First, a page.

The Dow Jones Industrial Average is a price-weighted average of 30 blue-chip stocks that are generally defined as the leaders in their industry. It has been a widely followed indicator of the stock market since October 1, 1928.

Wilshire 5000 Total Market IndexSM represents the broadest index for the U.S. equity market, measuring the performance of all U.S. equity securities with readily available price data. The index is comprised of virtually every stock that: the firm's headquarters are based in the U.S.; the stock is actively traded on a U.S. exchange; the stock has widely available pricing information (this disqualifies bulletin board, or over-the-counter stocks). The index is market cap weighted, meaning that the firms with the highest market value account for a larger portion of the index.

Standard and Poor's 500© Index is a capitalization-weighted index of 500 stocks. The index is designed to measure performance of the broad domestic economy through changes in the aggregate market value of 500 stocks representing all major industries.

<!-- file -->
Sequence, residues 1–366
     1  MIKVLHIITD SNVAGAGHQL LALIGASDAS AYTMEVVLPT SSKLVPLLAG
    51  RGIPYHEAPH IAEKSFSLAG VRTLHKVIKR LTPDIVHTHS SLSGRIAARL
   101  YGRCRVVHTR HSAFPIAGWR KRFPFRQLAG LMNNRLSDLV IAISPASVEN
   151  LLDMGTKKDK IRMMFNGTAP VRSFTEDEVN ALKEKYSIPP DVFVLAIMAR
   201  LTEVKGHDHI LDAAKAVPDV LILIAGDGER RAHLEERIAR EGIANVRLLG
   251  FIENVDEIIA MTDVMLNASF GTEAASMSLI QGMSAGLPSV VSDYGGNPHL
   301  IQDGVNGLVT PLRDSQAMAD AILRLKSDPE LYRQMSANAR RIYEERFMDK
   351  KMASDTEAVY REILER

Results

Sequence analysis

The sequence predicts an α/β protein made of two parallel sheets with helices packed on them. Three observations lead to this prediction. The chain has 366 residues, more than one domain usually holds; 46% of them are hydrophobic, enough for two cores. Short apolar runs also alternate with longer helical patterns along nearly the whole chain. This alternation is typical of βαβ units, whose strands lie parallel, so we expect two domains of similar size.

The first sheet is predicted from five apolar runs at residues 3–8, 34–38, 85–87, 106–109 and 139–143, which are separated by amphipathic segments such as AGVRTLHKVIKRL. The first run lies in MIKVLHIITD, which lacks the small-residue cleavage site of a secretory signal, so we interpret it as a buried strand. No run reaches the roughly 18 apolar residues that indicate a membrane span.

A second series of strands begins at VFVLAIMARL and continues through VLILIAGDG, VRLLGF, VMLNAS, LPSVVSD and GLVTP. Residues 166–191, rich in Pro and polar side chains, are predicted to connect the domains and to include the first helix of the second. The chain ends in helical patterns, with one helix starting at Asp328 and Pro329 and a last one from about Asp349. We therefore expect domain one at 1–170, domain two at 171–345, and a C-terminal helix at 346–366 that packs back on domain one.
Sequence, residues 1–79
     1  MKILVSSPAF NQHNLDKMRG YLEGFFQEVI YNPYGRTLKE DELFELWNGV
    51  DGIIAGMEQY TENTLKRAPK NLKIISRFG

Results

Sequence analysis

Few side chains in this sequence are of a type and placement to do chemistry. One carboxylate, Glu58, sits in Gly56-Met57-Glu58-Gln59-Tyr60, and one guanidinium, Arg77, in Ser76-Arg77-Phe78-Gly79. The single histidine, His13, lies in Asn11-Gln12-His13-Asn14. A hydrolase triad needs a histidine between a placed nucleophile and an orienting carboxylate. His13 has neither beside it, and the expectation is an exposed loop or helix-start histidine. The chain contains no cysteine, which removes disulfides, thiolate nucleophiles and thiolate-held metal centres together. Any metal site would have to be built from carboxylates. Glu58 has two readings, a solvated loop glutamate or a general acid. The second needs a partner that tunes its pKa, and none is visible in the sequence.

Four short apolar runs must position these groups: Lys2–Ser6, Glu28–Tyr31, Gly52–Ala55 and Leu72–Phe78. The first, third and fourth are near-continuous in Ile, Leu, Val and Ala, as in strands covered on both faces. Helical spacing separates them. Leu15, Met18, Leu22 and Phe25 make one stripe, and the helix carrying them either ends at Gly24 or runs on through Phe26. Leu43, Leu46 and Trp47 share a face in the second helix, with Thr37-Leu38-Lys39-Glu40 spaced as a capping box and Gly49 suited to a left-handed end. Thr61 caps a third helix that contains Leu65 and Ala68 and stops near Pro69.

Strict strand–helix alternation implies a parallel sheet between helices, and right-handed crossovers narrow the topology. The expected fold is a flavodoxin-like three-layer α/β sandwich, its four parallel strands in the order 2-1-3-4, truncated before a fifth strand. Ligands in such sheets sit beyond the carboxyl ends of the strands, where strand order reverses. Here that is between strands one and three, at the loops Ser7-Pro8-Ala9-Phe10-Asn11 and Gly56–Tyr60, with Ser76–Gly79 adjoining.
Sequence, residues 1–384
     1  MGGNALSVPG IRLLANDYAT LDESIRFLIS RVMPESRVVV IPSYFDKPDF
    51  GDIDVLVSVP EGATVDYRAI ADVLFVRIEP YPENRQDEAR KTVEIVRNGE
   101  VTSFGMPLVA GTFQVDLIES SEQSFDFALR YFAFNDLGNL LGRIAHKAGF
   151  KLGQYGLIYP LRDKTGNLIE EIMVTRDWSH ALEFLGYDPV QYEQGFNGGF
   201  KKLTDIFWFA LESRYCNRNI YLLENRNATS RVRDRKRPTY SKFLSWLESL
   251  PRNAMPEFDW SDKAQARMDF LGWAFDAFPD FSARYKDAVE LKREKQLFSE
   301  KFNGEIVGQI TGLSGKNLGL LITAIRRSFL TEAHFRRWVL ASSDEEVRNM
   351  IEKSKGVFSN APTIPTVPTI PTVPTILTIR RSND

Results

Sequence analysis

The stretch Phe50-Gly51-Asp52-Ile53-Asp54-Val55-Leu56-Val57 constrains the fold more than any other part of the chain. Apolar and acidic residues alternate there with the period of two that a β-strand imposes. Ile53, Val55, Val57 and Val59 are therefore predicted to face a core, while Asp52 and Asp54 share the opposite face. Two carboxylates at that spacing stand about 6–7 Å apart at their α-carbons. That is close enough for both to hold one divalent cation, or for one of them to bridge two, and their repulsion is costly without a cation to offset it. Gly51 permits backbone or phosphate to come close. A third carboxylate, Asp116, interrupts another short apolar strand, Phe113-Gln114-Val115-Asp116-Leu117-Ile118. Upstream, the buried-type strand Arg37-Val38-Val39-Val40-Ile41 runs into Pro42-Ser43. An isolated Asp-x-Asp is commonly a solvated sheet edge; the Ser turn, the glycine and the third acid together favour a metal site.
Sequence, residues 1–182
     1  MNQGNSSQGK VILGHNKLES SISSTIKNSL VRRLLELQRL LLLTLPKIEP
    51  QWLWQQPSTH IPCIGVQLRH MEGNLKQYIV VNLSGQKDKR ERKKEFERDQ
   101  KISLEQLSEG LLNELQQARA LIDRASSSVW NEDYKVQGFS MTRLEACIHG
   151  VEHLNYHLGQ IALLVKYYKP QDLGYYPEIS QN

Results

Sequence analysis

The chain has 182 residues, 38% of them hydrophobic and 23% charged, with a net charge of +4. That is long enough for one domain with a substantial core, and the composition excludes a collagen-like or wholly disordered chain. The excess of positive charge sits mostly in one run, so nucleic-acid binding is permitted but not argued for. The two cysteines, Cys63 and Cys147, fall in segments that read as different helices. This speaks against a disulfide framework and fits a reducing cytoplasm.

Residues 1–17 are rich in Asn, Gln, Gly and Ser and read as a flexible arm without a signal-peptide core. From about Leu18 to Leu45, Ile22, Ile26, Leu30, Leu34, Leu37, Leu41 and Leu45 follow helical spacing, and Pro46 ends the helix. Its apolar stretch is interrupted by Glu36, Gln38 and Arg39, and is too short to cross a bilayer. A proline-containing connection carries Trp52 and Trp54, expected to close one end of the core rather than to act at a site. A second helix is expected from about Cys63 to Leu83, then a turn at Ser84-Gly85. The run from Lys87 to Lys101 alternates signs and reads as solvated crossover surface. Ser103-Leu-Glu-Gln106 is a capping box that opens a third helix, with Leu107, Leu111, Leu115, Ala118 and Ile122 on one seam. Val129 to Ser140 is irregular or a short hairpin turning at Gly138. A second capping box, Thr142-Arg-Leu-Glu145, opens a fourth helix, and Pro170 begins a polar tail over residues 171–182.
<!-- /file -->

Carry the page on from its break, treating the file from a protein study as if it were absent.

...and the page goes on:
The NASDAQ Composite Index is a broad-based capitalization-weighted index of stocks in all three NASDAQ tiers: Global Select, Global Market and Capital Market. The index was developed with a base level of 100 as of February 5, 1971.

Indices do not include any expenses, fees, or sales charges, which would lower performance. Indices are unmanaged and should not be considered an investment. It is not possible to invest directly in an index.

The individual companies mentioned in this piece were for informational purposes only and should not be viewed as recommendations.

The comments should not be construed as a recommendation of individual holdings or market sectors, but as an illustration of broader themes. This document contains forward-looking statements about various economic trends and strategies. You are cautioned that such forward-looking statements are subject to significant business, economic and competitive uncertainties and actual results could be materially different. There are no gua rantees associated with any forecast and the opinions stated here are subject to change at any time and are the opinion of the individual strategist. Information in this report does not pertain to any investment product and is not a solicitation for any product. This material has been prepared using sources of information generally believed to be reliable. No representation can be made as to its accuracy.